Kentucky Closer to Banning Most Abortions If Roe Overturned

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FRANKFORT, Ky. (AP) — Kentucky took a step closer toward preparing for a possible post-Roe v. Wade era on Friday.

The state House overwhelmingly passed a bill to ban most abortions in Kentucky if the U.S. Supreme Court overturns the landmark decision that legalized the procedure nationwide.

The chamber’s 69-20 vote followed an hour-long debate and sent the measure to the GOP-led Senate. The legislation would take effect if the 1973 Roe v. Wade decision is reversed or the U.S. Constitution is amended to restore states’ authority to prohibit abortion.

Lawmakers staked out their views on abortion during the emotionally charged debate.

“Not one of us, man or woman, has the moral authority to take the life of an unborn,” said Republican Rep. James Tipton. “There is no other medical procedure that I know of that the goal is to intentionally take the life of an unborn child.”

Democratic Rep. Mary Lou Marzian said if the bill were to take effect, it would amount to government intrusion into the private medical decisions of women.

“It’s none of our business,” she said. “If you want to go have a colonoscopy, should we get ourselves involved in that? If you want to take Viagra, should we get ourselves involved in that?”

Anti-abortion legislators and activists around the country believe President Donald Trump has strengthened the push to topple the Roe v. Wade ruling with his appointments of conservatives Neil Gorsuch and Brett Kavanaugh to the Supreme Court. Kentucky is among conservative states racing to enact strict abortion laws in hopes of triggering a legal challenge to the high court.

Louisiana, Mississippi, North Dakota and South Dakota have similar laws on the books triggering abortion bans if the Roe v. Wade decision is struck down.

Opponents of the Kentucky proposal said it’s premature to legislate for a post-Roe v. Wade era that might not happen.

“Lawmakers are not sent to Frankfort to legislate on hypotheticals,” said Democratic Rep. Patti Minter. “We should not be in the business of passing a bill now that may or may not be valid, depending on what might or might not get handed down by the Supreme Court.”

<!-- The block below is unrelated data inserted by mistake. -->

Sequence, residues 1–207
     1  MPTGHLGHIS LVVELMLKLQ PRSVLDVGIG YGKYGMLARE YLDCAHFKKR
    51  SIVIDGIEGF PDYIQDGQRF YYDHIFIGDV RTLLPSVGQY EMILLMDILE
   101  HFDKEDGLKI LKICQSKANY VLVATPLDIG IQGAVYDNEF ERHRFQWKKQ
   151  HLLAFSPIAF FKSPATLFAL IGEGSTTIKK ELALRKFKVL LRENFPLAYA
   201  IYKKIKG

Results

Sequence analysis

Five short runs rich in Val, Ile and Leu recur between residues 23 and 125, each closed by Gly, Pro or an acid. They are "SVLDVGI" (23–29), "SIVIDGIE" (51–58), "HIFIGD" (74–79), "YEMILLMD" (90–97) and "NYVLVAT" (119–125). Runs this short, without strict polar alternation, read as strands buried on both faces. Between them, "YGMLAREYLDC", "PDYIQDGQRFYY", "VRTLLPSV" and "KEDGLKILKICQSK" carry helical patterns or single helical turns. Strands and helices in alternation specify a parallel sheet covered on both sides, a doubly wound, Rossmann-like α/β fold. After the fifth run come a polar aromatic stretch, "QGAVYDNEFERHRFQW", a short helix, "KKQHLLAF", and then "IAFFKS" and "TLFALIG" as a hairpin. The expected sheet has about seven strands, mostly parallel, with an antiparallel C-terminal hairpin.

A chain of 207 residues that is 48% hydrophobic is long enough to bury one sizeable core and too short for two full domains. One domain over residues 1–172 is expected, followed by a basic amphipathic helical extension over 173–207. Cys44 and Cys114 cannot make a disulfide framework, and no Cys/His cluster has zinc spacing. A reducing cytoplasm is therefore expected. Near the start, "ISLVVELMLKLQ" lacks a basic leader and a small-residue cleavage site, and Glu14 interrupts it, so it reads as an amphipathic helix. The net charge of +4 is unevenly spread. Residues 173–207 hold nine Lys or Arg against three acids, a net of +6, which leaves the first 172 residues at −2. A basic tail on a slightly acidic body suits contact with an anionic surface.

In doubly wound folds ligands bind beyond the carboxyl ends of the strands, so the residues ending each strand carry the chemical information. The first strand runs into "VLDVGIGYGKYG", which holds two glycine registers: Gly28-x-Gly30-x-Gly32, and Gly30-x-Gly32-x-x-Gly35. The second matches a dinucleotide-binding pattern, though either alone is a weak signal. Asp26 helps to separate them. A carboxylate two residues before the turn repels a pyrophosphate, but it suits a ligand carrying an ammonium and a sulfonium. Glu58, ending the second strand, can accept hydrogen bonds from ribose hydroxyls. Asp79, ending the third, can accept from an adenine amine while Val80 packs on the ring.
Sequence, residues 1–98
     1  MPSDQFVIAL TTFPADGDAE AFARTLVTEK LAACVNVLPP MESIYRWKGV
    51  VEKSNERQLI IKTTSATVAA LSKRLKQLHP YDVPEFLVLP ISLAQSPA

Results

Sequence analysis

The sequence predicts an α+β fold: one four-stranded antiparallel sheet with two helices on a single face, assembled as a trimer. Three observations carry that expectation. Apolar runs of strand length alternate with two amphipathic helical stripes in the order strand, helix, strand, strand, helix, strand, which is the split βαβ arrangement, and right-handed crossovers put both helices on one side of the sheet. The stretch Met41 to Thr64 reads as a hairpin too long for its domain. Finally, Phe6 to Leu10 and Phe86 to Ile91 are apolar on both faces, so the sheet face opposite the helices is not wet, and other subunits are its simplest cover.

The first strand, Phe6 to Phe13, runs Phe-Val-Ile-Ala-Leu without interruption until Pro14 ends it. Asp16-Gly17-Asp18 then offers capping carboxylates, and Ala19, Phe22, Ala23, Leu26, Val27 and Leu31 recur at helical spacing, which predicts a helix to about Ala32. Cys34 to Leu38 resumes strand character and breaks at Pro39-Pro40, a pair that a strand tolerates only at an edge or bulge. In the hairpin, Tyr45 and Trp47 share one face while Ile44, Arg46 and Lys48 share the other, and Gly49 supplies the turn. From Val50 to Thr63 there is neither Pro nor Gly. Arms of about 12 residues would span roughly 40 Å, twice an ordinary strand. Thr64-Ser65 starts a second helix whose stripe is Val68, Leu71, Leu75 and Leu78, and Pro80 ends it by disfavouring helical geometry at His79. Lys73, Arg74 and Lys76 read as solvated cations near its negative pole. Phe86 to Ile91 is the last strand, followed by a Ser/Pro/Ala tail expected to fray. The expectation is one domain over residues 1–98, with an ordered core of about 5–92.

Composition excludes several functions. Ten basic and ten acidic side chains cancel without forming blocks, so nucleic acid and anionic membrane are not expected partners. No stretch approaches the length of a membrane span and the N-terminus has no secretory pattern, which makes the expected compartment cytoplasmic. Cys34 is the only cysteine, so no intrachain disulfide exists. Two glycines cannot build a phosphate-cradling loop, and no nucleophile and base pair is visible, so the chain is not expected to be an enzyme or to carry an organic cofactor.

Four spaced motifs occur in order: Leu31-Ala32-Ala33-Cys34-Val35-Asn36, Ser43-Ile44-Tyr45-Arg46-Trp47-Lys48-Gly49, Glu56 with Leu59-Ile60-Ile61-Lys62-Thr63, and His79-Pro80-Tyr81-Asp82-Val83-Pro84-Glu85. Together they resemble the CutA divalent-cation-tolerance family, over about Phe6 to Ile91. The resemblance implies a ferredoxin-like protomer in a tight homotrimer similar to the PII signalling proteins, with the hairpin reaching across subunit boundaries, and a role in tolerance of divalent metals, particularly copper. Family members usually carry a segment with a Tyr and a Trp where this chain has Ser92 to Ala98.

Republican Rep. Jason Nemes responded that it would be “irresponsible” for lawmakers not to have an abortion law ready to be triggered if the abortion ruling is overturned. A Supreme Court decision would likely come when Kentucky’s legislature isn’t in session, he said. Without a state law ready to take effect, it would leave access to abortions “wide open” in Kentucky, he said.

“So until we can get back together, the law on abortions in Kentucky will be the Wild West if we don’t pass this bill,” Nemes said.

The Kentucky proposal would ban abortions statewide, except when the procedure is necessary to save the mother’s life, if the abortion decision is reversed.

It would provide full legal protection for the unborn from fertilization to birth, said Republican Rep. Joe Fischer, the bill’s lead sponsor.

The bill proposes making it a felony to perform an abortion, punishable by one to five years in prison. Pregnant women undergoing abortions would be exempt from prosecution. There would be no violation if medical treatment resulted in the unintentional death of a fetus. There also would be no violation for prescribing the “morning after” pill, Fischer said.

Republican lawmakers in Kentucky have aggressively pushed to restrict abortion since the GOP took total control of the legislature in 2017.

Another bill being considered in this year’s session would ban most abortions in Kentucky once a fetal heartbeat is detected, which is around six weeks of pregnancy. That bill was overwhelmingly passed by the Senate on Thursday , sending it to the House.

The state already is defending three abortion-related laws in federal court.


The legislation is House Bill 148.